Finding your bodily wisdom through grounding
As a psychotherapist and trauma therapist, a big theme in my work is somatic wisdom. The body remembers, we are all mammals, and to quote Stephen Gilligan “there is a whole pattern of intelligence and wisdom within the body to which you may or may not be attuned.”
My role involves helping people to align and centre within their bodies, so that their way of being physically can become expansive, and generate new possibilities and patterns. As Robert Dilts says, when we lose our centre, we may experience insecurity or confusion, or feel a sense of chaos. When we are centred, the feelings are of connection, confidence and peace.
All very well, but how to align and centre? Put simply, mindful awareness is what is called for. This can be with breathing, with gentle movement, with stillness, it doesn’t matter, as long as you are dropping into your body, and then opening through your body out into the world. It’s not an either/or of inside or outside, it’s an and/both of sensing into yourself, and feeling the connection beyond that is already and always there.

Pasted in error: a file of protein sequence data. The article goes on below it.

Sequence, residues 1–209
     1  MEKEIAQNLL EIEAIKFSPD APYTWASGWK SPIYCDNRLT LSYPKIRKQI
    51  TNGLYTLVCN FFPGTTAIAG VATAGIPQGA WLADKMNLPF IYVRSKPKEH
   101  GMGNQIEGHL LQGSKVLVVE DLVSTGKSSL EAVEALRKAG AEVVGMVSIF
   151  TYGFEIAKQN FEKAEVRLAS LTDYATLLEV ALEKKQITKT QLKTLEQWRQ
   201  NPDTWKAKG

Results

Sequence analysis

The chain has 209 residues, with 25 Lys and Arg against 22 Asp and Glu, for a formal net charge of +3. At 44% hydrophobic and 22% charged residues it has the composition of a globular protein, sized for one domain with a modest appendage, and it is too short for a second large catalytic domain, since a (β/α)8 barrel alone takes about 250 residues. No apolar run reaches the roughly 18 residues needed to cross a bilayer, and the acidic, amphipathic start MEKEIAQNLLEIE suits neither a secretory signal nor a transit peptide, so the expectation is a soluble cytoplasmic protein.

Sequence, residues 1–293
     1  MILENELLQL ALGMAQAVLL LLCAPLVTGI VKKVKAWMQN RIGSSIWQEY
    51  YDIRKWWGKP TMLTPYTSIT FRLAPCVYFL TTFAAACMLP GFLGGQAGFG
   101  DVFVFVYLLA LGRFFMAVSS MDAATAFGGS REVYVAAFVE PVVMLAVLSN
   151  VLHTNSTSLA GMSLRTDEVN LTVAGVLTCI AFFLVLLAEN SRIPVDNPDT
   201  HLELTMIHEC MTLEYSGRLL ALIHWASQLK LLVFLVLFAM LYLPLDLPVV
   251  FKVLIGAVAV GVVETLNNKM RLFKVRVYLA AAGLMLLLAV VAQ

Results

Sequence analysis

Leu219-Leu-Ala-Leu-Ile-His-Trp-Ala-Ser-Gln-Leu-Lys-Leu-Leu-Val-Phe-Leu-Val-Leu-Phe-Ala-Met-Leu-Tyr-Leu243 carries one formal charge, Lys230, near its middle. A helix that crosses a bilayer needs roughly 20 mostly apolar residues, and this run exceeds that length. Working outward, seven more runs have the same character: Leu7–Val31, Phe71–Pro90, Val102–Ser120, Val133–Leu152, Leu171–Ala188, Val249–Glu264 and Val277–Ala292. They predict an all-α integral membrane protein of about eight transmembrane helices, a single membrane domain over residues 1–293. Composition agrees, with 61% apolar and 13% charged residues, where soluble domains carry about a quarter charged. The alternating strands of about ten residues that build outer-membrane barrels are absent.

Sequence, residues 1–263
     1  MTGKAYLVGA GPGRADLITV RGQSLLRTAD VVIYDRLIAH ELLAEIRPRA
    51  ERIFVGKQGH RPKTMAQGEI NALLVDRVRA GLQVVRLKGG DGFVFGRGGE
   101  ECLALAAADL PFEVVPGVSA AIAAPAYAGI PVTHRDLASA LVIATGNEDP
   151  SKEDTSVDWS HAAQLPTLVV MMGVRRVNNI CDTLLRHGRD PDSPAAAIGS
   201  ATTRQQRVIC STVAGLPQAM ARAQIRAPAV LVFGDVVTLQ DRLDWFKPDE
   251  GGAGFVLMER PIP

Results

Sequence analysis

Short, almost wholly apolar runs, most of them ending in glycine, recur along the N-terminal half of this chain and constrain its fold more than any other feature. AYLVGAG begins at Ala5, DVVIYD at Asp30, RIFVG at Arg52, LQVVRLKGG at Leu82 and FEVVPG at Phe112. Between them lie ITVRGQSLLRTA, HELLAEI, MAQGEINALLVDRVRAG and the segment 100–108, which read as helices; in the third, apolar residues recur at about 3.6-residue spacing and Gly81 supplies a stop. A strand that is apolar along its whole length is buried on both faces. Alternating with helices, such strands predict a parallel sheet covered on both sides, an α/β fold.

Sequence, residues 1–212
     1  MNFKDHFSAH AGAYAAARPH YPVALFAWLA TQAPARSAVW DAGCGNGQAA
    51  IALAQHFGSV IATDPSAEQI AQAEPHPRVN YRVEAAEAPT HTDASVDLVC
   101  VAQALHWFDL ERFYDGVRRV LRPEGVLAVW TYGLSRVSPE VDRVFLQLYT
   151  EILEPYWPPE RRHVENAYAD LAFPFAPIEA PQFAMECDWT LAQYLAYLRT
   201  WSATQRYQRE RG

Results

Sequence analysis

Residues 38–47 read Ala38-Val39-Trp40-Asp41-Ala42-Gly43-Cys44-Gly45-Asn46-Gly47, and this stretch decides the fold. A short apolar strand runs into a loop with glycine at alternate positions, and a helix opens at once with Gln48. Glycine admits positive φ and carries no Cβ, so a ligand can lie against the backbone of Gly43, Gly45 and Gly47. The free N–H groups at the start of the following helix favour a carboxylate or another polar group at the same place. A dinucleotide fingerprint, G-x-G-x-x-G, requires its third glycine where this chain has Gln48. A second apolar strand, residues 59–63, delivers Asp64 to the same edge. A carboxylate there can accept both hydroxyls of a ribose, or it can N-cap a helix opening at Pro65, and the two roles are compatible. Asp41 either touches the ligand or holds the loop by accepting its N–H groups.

In therapy, the client and therapist are part of a field, hopefully a lively one which allows, accepts and generates, and brings forward new ways of being and new relational possibilities. This connected state we can then take out into the world, with a softness and openness that enables us to be with ourselves physically, and through this to be with other people.
Alignment leads to congruence, we can not sense what is right for us if we are not connected to our own being. Practice, practice, practice is the key to somatic centering, helping your bodymind become familiar with your first attention being deep down in your body, sensing the world through your physical form.
For help in attuning inwards and finding your centre, why not talk to a trauma-informed psychotherapist?